Read more: Population control measures in India – Explained, pointwise 

GS Paper 2

A judgment that must be taken in the right spirit

Source: The Hindu

Syllabus: GS 2 – Indian Constitution—Historical Underpinnings, Evolution, Features, Amendments, Significant Provisions, and Basic Structure.

Relevance: Judgment is related to the procedures and steps required to enact a particular bill.


The striking down of the 97th Amendment is a reminder that the power to regulate cooperatives must stay with States.


  • The 97th Constitutional Amendment came into effect on February 15, 2012, and brought about many changes to the legal regime of cooperative societies.
  • However, it was recently struck down by the Supreme court in a limited manner in the Union of India vs Rajendra N. Shah case.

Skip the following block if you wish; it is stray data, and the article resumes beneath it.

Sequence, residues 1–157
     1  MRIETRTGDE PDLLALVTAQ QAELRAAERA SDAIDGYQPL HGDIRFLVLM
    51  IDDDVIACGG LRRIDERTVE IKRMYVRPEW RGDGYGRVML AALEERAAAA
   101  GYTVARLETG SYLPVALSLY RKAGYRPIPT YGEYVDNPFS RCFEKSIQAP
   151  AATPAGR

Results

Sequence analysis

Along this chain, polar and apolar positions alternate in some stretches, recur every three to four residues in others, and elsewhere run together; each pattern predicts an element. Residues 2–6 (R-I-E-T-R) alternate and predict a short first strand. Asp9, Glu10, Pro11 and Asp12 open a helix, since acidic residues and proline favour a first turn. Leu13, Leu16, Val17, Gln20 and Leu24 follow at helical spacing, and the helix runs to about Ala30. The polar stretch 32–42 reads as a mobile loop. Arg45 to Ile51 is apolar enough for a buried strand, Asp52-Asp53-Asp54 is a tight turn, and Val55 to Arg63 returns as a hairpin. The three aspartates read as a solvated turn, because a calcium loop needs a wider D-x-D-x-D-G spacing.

About the 97th Constitutional amendment:

  • The amendment added “cooperative societies” to the protected forms of association under Article 19(1)(c), elevating it to a fundamental right. 
  • It also inserted Part IXB in the Constitution which laid down the terms by which cooperative societies would be governed, in more granular detail than was palatable.

How to amend the constitution?

  • It can be amended only by the procedure provided in Article 368
  • The amendment procedure requires a majority of the total strength of each of the Houses of Parliament and two-thirds majority of those present and voting
  • A proviso to the Article lists out some articles and chapters of the Constitution, which can be amended only by a special procedure
  • The special procedure requires that the amendment will also have to be ratified by the legislatures of half of the States.

Why was the amendment challenged?

  • The challengers pointed towards the procedural lacuna in passing the amendment. They said the government failed to ratify the amendment from at least half the states as per the proviso of Article 368.